University of Geneva: Failed eruptions are at the origin of copper deposits

Copper is one of the most widely used metals on the planet today due to its electrical and thermal conduction properties. The greatest natural resources of this metal are the so-called “porphyry” deposits that come from magmas deep in the Earth. In a recent research, scientists from the University of Geneva (UNIGE) demonstrate that these deposits are largely produced by mechanisms similar to those causing large volcanic eruptions. At a time when current copper resources are dwindling and this metal plays a key role in the energy transition, this discovery opens up new avenues for the development of tools to find new deposits. These results can be read in the journal Nature – Communications Earth & Environment.

Copper is one of the most exploited natural resources on the planet. An excellent conductor and highly resistant to corrosion, it is used to produce all types of wires and electrical connectors. It is also used to make many alloys, such as bronze and brass. Considered an essential material for the energy transition – it is massively used to equip electric cars – its demand will exceed the resources currently available within a few decades. Discovering new deposits and acquiring new knowledge about their formation is therefore a crucial challenge.

Research led by Massimo Chiaradia, senior lecturer at the Department of Earth and Environmental Sciences at the UNIGE Faculty of Science, has made an important discovery in this field. It highlights the fact that the “porphyry” deposits – named after a magmatic rock that contains copper – are the result of mechanisms very similar to those that cause large volcanic eruptions. “We have discovered that large reserves of copper are born of failed eruptions,” explains the researcher.

From the magma

Copper comes from hot fluids, mostly composed of water, released by cooling magmas. These magmas, which are also the basis of eruptions, come from the intermediate layer between the core and the crust of the Earth, known as the “mantle”, and then rise to the surface of the Earth where they form a “magma chamber”. This chamber is generally located between 5km and 15km depth. “If the volume and speed of magma injection into this reservoir is very large, a large quantity of fluids can be emitted catastrophically into the atmosphere with the magma during a volcanic eruption,” explains Massimo Chiaradia, first author of the research. But these fluids can also develop in a quieter way under the earth’s surface and give rise to a porphyry copper deposit at a depth varying between 1km and 6km.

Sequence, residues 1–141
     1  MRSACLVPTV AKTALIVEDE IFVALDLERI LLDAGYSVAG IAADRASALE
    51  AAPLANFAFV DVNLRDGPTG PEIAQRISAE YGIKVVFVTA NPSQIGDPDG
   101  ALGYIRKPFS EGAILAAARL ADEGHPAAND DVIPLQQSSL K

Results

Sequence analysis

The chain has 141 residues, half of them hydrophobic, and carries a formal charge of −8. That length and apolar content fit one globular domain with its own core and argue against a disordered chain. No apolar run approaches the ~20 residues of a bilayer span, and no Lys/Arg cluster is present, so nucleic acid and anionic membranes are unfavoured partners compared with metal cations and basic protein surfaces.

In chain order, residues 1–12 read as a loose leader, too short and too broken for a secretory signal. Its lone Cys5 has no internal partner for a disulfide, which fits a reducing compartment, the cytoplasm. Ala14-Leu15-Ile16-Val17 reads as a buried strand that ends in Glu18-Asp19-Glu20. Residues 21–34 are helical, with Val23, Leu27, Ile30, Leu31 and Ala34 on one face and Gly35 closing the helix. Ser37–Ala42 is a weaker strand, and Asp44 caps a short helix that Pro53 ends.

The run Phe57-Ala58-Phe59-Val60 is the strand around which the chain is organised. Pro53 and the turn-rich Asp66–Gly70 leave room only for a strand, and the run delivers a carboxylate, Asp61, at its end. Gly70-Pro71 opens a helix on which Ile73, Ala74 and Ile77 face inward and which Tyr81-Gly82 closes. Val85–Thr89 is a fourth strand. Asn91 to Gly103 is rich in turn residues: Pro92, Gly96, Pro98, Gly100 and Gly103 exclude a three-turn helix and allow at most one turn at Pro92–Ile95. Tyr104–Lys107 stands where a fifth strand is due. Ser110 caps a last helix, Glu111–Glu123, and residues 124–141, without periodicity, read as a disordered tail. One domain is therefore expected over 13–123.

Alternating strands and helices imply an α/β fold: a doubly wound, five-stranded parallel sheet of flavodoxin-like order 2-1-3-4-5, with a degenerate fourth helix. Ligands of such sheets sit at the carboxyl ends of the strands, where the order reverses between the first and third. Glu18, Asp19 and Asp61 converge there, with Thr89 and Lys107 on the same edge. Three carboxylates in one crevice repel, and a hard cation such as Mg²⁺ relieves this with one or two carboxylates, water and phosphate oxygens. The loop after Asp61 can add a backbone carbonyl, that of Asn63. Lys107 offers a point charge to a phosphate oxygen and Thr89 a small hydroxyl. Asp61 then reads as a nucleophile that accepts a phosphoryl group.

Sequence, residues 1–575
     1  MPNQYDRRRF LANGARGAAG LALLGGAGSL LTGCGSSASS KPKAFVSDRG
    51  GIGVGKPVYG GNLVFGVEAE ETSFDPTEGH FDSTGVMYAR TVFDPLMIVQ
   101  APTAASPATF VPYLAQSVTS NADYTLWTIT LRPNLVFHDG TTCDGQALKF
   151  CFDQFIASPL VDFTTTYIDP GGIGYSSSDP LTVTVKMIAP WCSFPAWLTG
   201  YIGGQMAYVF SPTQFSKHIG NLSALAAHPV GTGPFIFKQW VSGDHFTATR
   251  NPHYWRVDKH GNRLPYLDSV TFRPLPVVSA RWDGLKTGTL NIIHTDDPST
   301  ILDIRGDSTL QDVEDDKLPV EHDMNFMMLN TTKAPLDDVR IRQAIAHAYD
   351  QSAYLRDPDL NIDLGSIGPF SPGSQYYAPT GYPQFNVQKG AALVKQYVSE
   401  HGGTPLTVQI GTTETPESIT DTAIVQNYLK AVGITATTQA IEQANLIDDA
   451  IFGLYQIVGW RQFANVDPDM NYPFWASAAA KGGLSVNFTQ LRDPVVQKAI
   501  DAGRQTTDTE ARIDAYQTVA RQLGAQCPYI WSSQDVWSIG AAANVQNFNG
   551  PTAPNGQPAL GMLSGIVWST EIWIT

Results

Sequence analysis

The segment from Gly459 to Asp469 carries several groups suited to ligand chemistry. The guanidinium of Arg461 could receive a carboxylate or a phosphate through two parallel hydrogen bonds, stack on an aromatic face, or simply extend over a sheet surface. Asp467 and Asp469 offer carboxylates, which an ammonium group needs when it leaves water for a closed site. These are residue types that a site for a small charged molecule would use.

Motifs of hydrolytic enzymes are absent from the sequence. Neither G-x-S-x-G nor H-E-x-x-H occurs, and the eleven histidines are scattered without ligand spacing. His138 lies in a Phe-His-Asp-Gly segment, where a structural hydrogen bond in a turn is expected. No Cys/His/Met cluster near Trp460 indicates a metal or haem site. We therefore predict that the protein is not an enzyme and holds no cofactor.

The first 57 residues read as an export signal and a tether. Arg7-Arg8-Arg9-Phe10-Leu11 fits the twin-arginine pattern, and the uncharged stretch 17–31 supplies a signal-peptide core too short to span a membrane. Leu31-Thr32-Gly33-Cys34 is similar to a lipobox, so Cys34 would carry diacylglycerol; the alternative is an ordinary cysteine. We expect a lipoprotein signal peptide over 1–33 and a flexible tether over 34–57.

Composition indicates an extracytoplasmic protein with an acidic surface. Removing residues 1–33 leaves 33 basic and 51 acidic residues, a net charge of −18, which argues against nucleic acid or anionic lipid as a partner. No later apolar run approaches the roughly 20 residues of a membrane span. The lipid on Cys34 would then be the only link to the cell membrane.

However, this phenomenon is much less frequent, which partly explains the rarity of copper deposits. “It takes tens to hundreds of thousands of years for a copper deposit to form, whereas volcanic eruptions are more frequent. A failed eruption depends on the combination of several parameters: the speed of magma injection, the speed of its cooling and the rigidity of the earth’s crust that surrounds the magma chamber. The latter must be flexible to absorb the pressure exerted by the new magma arrivals, so that the eruption does not take place,” explains Luca Caricchi, second author and associate professor at the Department of Earth and Environmental Sciences.

Useful for future deposit exploration

“The discovery of similarities between large eruptions and deposits will make it possible to use a large amount of knowledge acquired by vulcanologists to advance our understanding of the formation of porphyry deposits,” says Massimo Chiaradia. To reach their results, the UNIGE scientists relied on data and figures provided by the mining companies and on those collected in the field and in the laboratory by numerous researchers – combined with petrological and geochemical models.

These discoveries open new avenues for the development of geological, mineralogical and geochemical tools for future successful exploration of the largest porphyry copper deposits on Earth. “The next step will be to work on a model that will help us to quantify the total copper content and therefore the quality of a potentially exploitable deposit as accurately as possible,” concludes Massimo Chiaradia.